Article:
Family camping trips were my church growing up and I started contemplating natural processes happening around me and respected nature’s evolution and resilience, learning there was something greater to nature than the science that explains it. I identified if valleys were carved by rivers or glaciers depending on their V or U shape. I learned that natural fires are good because they open some types of seeds, called pyrophile plants. I learned that sometimes big trees need to fall so the meadow underneath can get long-awaited sunlight. But I also learned that Mother Nature is strong and beautiful and worthy of worship. And most importantly, in need of protection. I feel that my name destines me to a life devoted to keeping nature high and keeping it holy. However, without my childhood experiences in the outdoors, I would certainly not feel the connection to nature, to my name, and to my duty to give back to nature everything it has given to me.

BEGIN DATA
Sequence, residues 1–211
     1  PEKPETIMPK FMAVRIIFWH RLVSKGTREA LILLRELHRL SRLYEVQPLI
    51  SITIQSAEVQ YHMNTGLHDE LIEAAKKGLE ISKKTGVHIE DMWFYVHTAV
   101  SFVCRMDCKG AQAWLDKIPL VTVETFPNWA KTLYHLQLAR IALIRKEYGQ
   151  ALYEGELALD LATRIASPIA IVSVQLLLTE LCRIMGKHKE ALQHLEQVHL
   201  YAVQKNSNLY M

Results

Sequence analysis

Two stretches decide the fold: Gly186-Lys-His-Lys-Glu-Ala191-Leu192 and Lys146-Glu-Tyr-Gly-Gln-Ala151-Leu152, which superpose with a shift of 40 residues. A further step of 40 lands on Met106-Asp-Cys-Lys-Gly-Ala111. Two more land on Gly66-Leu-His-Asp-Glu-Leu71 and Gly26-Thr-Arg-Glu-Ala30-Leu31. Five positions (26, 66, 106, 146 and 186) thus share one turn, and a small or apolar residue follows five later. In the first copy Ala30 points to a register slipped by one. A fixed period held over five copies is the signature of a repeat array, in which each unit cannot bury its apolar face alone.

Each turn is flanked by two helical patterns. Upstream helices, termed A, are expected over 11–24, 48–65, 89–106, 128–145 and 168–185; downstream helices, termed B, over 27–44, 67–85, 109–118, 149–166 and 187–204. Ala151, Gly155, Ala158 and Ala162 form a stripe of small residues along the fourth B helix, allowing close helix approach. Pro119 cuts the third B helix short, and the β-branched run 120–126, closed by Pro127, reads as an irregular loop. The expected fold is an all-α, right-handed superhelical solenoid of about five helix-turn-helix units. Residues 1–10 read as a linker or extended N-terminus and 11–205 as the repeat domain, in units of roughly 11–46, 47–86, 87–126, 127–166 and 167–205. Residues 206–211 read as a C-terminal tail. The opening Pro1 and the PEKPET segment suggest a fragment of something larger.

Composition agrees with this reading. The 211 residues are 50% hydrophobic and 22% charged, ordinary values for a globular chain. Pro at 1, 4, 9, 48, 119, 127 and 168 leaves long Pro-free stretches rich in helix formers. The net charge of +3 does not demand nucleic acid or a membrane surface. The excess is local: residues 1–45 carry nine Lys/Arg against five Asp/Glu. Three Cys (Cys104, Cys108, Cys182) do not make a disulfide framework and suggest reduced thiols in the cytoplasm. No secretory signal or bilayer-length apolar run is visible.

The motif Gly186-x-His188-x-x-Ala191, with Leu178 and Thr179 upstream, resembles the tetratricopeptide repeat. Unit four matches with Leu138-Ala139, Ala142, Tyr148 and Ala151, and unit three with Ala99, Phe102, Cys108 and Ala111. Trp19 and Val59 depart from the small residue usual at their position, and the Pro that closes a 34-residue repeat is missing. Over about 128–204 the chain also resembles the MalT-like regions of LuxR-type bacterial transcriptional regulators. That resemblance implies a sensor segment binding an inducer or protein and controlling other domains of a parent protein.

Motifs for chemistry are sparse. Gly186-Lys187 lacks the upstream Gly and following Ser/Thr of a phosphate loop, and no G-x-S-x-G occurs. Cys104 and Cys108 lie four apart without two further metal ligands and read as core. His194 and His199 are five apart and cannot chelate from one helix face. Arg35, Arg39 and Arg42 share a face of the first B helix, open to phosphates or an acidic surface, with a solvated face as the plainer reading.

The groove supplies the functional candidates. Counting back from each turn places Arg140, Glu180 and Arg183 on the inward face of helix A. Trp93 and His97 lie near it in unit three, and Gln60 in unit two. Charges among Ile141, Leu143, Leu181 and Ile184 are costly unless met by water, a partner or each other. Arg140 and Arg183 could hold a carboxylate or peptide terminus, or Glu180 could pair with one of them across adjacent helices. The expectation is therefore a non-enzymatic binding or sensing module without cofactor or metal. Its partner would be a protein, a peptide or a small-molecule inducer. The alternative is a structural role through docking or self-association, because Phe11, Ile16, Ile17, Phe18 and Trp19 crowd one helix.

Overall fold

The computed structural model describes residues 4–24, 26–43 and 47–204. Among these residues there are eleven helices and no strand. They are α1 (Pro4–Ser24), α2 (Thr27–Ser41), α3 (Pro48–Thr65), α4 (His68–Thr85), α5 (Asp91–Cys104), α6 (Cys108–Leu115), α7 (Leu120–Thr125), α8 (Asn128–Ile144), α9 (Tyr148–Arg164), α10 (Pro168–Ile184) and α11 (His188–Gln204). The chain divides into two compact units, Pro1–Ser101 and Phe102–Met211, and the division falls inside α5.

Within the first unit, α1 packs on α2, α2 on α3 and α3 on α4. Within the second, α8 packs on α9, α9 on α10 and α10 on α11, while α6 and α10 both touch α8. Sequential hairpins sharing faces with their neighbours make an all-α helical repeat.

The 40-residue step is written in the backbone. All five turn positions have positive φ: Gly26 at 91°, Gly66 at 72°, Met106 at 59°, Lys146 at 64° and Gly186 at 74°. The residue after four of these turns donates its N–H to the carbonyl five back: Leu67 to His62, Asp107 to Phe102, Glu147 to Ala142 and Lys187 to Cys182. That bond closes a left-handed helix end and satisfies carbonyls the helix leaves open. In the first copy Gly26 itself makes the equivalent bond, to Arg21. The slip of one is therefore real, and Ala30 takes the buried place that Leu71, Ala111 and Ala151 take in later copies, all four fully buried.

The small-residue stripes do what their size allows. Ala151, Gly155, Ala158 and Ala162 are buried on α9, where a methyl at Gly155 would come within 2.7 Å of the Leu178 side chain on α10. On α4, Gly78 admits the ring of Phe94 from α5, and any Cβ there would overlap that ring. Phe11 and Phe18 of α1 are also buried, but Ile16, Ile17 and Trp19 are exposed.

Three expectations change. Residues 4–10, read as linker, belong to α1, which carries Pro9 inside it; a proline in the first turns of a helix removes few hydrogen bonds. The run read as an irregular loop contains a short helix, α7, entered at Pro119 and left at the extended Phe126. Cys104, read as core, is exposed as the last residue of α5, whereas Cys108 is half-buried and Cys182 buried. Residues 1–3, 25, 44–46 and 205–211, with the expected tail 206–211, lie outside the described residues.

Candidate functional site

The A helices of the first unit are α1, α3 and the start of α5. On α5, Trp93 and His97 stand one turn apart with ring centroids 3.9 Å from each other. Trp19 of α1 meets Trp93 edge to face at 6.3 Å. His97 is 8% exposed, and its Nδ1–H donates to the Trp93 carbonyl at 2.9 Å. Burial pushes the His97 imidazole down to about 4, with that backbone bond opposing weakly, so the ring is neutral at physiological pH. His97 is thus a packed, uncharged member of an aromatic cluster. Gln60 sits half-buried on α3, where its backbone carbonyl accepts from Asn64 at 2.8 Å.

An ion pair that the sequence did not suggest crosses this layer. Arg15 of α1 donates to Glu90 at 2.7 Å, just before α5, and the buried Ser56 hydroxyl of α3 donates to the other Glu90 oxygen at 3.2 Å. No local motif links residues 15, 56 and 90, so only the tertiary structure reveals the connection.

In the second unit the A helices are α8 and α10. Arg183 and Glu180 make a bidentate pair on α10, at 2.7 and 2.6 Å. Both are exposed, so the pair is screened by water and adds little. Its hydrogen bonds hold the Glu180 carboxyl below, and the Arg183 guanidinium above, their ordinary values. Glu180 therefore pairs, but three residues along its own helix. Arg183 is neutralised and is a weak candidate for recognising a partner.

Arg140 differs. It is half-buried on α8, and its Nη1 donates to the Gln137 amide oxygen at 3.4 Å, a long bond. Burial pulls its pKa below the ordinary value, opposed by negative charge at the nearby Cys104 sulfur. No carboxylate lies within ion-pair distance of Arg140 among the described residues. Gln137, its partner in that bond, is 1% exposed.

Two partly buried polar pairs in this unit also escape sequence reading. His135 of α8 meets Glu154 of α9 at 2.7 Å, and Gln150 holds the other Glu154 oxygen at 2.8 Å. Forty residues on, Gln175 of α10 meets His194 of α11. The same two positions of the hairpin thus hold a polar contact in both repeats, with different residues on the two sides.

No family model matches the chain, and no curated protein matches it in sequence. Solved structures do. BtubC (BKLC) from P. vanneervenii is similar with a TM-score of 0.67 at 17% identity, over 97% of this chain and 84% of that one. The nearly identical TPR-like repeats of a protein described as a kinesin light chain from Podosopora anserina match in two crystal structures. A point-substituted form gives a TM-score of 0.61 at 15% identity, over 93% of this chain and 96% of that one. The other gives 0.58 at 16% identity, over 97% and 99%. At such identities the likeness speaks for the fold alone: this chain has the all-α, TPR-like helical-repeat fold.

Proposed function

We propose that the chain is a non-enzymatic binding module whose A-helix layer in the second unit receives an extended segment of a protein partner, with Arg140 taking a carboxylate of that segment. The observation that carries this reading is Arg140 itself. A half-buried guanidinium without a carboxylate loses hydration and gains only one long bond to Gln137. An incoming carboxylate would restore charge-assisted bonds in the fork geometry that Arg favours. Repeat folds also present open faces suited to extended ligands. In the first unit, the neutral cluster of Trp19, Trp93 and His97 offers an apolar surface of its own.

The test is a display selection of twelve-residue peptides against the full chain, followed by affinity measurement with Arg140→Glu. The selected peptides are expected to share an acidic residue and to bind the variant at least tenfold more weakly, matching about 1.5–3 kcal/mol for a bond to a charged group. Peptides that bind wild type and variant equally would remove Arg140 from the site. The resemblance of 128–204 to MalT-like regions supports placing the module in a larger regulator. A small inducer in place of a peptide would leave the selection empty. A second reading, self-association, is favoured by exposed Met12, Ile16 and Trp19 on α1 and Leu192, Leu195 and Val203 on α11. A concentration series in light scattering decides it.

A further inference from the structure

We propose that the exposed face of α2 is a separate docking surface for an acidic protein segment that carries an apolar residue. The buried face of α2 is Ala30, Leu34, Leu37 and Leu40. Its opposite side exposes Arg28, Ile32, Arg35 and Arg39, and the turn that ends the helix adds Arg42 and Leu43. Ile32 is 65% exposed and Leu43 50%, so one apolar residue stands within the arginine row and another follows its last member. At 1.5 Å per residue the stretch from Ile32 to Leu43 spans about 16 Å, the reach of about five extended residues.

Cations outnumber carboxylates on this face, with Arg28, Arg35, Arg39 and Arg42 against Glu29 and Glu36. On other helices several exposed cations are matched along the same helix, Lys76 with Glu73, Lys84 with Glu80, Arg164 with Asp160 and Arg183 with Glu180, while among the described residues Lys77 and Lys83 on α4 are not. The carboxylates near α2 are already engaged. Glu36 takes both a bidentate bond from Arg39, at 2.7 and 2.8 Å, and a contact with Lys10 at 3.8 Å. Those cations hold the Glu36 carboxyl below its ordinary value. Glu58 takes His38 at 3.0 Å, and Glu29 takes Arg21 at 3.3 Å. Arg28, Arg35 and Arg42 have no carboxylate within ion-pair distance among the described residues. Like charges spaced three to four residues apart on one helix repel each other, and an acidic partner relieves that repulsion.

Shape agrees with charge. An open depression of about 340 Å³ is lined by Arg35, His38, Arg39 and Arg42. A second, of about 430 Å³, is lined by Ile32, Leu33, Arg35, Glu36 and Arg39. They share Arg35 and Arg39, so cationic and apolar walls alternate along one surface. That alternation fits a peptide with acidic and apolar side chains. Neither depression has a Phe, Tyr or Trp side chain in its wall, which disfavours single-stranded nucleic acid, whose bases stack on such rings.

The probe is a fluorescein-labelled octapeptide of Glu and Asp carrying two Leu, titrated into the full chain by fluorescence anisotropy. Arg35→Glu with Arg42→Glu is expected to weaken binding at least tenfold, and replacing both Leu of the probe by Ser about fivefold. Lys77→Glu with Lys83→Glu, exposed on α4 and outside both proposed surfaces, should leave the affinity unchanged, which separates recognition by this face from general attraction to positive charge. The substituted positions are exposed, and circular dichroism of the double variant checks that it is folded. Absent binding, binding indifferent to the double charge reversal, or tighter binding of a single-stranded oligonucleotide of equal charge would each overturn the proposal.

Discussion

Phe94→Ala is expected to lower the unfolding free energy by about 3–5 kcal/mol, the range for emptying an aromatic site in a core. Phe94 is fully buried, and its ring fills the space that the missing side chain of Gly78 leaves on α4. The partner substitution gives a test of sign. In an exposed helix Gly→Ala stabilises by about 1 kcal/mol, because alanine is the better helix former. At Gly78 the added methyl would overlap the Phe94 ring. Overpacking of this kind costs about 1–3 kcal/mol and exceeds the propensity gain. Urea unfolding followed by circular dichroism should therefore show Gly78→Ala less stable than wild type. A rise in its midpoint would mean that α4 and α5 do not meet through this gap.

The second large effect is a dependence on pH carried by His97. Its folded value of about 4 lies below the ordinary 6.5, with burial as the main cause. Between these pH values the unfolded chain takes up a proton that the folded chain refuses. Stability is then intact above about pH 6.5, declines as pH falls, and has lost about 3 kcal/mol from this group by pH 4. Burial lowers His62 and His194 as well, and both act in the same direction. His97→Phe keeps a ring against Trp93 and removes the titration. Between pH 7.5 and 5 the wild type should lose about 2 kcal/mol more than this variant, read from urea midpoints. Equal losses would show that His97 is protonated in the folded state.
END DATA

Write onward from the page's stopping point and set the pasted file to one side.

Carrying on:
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When my parents had my brother 15 months after the snow-capped proposal and me 20 months after that, they continued their love affair with the outdoors, never leaving us kids behind. Even though my parents had to lug around two whiny tots, they never quit their love affair with the outdoors.  We moved from the East Coast to California and began exploring the Sierra Nevadas. My parents pushed us to do longer and longer hikes and steeper and steeper climbs while carrying increasingly heavy loads. While walking the trails, my parents alternated between explaining the plots of Shakespeare’s dramas but substituting our neighbors’ names for the characters’, solving lateral puzzles, teaching us the intricacies of World War Two, and my personal favorite when my dad would tell the stories of Into the Wild and Touching the Void pretending he was apart of McCandless, Simpson and Yates’ adventures.

Eat Well, Sleep Sound

Connor and Sahale at camp by Dan Greenwood

“if you aren’t eating well, you aren’t having fun.“